“I learned that it’s OK not to be shy.”

6 Apr

Last week, I gave a presentation on early childhood music development to a group of grown-ups (pre-school parents and teachers) in Jersey City, NJ. At one point, we all sang “Clap Your Hands” (doing all sorts of clapping, tapping, beeping, and stomping together). After the song I asked: “If you can imagine that you all were children during that song, what do you think you were learning?” The group gave a variety of answers — all pretty profound — but the one that has stuck with me is this, from a mom: “I learned that it’s OK not to be shy.”

Wow.

I learned from her that, whether we are children or adults, when we are allowed to play — to just be silly and goofy in our music-making, regardless of whether or not we’re “doing it right” — then it feels safe to make a sound, make a movement, experiment, and explore. When we provide this kind of supportive, informal, play-based environment — in a Music Together class and at home — we are giving our children a safe space to be musical in their own way.

Keep making music at home in that kind of goofy, silly, non-judgmental way — it’s a huge gift to your children (and to you!).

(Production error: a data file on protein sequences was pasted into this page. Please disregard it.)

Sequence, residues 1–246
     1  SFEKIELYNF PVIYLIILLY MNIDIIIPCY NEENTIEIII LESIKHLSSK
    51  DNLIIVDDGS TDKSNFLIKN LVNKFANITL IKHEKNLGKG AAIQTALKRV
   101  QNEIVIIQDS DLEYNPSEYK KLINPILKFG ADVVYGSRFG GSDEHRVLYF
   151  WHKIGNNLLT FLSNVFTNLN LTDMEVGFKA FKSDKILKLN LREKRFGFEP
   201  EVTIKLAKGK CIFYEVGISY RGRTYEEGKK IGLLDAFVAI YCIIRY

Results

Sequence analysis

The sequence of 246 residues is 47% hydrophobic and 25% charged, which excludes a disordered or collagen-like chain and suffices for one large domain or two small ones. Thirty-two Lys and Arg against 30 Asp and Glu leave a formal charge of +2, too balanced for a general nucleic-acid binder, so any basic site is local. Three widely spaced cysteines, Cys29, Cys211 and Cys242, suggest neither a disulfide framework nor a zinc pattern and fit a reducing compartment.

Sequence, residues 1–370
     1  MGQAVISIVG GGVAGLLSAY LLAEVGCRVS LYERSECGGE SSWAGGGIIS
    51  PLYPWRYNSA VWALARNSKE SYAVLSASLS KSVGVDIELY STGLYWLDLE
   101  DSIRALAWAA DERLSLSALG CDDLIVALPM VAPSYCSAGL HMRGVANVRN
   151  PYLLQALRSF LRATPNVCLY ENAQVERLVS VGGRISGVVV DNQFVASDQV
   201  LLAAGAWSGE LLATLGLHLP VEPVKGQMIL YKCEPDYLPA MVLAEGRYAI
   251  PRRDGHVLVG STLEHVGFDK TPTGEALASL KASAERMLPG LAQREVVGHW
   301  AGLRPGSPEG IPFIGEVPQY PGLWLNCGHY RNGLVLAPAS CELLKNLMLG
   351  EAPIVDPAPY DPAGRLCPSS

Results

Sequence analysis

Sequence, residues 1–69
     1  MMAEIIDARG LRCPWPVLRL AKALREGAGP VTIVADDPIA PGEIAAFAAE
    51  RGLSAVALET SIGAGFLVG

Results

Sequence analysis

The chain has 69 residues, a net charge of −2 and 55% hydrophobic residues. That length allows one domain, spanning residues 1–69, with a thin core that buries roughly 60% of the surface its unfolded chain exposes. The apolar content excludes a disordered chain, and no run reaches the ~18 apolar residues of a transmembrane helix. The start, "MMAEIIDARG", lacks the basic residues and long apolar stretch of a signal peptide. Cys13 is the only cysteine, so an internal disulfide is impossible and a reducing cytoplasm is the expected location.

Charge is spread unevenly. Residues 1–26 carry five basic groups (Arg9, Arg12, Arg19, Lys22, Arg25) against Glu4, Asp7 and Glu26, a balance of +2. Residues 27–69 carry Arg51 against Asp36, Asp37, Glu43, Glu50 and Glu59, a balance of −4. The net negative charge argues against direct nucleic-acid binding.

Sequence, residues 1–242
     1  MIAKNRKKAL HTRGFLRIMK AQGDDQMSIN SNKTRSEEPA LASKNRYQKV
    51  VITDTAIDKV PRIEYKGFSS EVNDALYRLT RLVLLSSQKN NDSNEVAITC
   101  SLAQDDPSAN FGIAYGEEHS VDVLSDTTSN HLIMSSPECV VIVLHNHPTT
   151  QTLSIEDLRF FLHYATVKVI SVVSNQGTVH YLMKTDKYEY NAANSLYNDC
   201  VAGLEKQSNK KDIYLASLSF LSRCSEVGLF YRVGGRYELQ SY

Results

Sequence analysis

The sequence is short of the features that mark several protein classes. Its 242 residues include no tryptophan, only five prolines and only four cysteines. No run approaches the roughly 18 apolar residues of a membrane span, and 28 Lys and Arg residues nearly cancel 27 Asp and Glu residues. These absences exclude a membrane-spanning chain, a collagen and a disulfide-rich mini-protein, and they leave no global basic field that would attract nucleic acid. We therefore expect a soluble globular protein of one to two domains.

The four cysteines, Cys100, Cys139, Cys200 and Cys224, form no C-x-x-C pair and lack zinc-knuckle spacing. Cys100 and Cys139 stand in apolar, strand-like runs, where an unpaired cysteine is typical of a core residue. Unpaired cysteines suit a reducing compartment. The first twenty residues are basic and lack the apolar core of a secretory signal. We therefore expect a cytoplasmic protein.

[A NOTE ABOUT BEING “SHY:” Some children — and grown-ups — will certainly be what we call “shy” in class (or in other settings). I think that the Jersey City mom was talking more about risk-taking than actual shyness. For my own shy child, at Music Together she was able to take her own kind of risks — like leaving my lap to get an instrument, or making eye contact with the teacher — because she felt so supported in the class setting. However, she never stopped being “shy.”]

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One Response to ““I learned that it’s OK not to be shy.””

  1. liontamar April 6, 2011 at 8:57 am #

    great post!!

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